A Database of Butterfly of West Bengal
Unique among Indian states in stretching all the way from the Himalayas to the sea, WEST BENGAL is nonetheless explored in depth by few travelers. That may have something to do with the exaggerated reputation of its capital, KOLKATA (CALCUTTA), a sophisticated and friendly city that belies its popular image as poverty-stricken and chaotic. The rest of Bengal holds an extraordinary assortment of landscapes and cultures, ranging from the dramatic hill-station of Darjeeling, within sight of the highest mountains in the world, to the vast mangrove swamps of the Sunderban, prowled by man-eating Royal Bengal tigers. The narrow central band of the state is cut across by the huge River Bhagirathi as it pours from Bihar into Bangladesh where the Farrakha Barrage controls the movement of south-flowing channels such as the River Hooghly, the lifeline of Kolkata.
West Bengal - is a complete representation of the Indian subcontinent. Darjeeling, its northern end, is embraced by the arms of the mighty Himalayas. The Dooars in the foothills are rich in forest. The unconquerable river Ganga flows across the state’s rich alluvial plains to reach the Bay of Bengal in the south, through vast swamps that are known as the Sunderban.
Broadly speaking, West Bengal has two natural divisions – the Himalayan north and the alluvial plain south of it. The Bay of Bengal forms the southern coastline of the state. The Bay of Bengal is one of the largest bays in the world.
The Himalayan region in north Bengal has three general divisions – the high altitude mountain region, the foothills or the Terai region and the mixed deciduous forest and grassland region known as the Dooars. Swift flowing rivers like the Teesta, Torsha, Rangeet and the Mahananda flow through these areas.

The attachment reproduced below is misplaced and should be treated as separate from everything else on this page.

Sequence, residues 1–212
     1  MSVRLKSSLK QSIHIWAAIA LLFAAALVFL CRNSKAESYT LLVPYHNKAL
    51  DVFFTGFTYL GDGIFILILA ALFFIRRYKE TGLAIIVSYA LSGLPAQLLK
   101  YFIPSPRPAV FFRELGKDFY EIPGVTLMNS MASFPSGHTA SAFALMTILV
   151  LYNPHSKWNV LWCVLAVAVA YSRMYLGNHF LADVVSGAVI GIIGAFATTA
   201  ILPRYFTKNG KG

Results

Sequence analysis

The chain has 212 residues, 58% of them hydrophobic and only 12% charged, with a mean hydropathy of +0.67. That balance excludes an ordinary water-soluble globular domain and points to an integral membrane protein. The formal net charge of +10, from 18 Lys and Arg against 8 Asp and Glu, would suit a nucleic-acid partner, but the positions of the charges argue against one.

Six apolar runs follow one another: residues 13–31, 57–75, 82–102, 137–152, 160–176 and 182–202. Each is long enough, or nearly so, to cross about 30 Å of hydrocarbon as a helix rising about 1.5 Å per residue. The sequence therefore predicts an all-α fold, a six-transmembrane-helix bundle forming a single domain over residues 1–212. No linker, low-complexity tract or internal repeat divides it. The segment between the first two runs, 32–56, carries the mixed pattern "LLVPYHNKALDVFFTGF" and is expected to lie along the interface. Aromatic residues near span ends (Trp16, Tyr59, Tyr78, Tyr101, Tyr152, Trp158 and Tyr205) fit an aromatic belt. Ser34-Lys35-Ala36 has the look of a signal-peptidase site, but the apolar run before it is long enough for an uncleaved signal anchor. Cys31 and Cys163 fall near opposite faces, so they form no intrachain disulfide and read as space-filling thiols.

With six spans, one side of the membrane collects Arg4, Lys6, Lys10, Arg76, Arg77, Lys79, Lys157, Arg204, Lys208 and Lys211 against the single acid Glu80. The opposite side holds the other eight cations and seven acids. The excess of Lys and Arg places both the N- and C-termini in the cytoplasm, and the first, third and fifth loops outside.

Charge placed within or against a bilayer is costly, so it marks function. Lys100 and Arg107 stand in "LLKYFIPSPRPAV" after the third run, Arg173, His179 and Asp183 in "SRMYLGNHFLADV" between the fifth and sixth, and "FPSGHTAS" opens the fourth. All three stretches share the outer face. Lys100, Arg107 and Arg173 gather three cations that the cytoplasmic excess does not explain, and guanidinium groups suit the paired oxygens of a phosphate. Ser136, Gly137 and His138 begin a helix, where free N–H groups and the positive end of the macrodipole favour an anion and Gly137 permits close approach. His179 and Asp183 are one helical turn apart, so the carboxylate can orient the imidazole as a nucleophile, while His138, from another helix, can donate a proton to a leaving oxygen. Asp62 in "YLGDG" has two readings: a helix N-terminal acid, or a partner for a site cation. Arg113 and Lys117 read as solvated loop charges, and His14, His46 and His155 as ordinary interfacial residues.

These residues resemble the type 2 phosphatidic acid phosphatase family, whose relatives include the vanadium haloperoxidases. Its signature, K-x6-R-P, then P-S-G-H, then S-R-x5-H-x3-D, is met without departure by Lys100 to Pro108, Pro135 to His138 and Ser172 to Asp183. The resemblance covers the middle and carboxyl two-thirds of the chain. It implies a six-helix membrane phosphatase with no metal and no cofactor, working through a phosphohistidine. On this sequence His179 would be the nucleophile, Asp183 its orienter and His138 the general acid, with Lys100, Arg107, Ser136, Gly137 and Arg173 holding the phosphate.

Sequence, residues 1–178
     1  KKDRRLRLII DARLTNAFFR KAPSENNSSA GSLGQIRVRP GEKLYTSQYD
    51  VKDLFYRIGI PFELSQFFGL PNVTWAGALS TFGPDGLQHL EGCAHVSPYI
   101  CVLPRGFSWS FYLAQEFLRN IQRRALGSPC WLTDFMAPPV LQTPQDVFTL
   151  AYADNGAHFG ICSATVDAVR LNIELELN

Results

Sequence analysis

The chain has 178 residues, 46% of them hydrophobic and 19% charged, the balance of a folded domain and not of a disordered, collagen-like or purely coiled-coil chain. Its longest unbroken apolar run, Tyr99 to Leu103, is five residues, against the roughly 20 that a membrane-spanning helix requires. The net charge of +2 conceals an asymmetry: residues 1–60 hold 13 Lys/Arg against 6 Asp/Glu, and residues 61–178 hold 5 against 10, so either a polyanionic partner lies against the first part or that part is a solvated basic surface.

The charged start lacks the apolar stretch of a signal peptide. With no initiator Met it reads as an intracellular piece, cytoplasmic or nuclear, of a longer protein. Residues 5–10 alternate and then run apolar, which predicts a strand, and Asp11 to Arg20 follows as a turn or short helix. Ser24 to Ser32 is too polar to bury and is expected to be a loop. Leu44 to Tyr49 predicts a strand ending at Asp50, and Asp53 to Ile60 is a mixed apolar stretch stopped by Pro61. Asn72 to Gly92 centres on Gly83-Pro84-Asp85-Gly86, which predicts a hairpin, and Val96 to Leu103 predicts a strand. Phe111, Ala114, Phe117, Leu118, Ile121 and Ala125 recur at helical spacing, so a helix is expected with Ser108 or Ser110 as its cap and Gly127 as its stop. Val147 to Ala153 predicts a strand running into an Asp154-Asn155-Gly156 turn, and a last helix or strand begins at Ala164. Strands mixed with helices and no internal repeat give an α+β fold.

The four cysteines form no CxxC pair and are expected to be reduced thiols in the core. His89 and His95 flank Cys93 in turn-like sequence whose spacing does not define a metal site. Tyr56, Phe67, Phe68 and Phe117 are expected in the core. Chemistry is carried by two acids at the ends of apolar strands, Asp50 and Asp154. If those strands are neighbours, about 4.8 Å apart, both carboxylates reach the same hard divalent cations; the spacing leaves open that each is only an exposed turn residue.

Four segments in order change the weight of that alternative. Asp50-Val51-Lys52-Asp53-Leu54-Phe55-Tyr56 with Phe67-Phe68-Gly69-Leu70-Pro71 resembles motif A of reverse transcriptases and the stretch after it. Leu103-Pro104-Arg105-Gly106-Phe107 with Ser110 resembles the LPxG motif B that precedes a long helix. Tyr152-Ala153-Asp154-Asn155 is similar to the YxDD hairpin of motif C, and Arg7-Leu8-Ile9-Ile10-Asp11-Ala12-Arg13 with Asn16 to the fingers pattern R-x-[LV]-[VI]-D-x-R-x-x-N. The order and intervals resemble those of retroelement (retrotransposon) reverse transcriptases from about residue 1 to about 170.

The important rivers in the plains of Bengal include the Ganges, Hooghly, Rupnarayan and Damodar. The plains of the Ganges and the other associated rivers form one of the most fertile regions in the world. The Ganges flows through the state at one of its narrowest points and flows into Bangladesh.
The climate is generally humid tropical monsoon. It varies from moist-tropical in the southeast to dry tropical in the southwest and from subtropical to temperate in the mountains of the north. The temperature ranges from 0°C to 45°C. The mean annual rainfall ranges from 900 mm in the southwest to 6,000 mm in parts of the north.
West Bengal is a vast state & has been richly endowed by nature in terms of a great diversity of physical environment it is the only state in India which touches the Himalaya in the north & has sea in south as the physical environment varies from bay of Bengal of south to the snow capped Himalayas in the north through vast stretches of alluvial plains in the middle, small patches of hills & isolated mounted in the western part soil characteristics, temperature & rainfall also vary widely from one part to other. these have resulted rich & diverse vegetative cover consisting of almost all forest types, vast expanses of grass lands, different agricultural crops as well as cropping practice. each support particular type of biodiversity. Richness of biodiversity is reflected by the fact that west Bengal through only 2.7 percent of the total area of the country, but four, viz the Himalaya (central Himalaya), gangetic plain(lower gangetic plain), coast (east coast) & Deccan peninsula on the other hand, owing to favorable agro climatic condition, westbengal…
There are 19 districts and 3 divisions in West Bengal. The Burdwan Division consists of Bankura, Bardhaman, Birbhum, East Midnapore, West Midnapore, Hooghly and Purulia District, the Jalpaiguri Division consists of North Dinajpur, Dakshin Dinajpur, Cooch Behar, Darjeeling, Jalpaiguri and Malda, and the Presidency Division consists of Kolkata, Murshidabad, Nadia, North 24 Parganas, South 24 Parganas and Howrah. consisting of forests, wetland.
West Bengal Map
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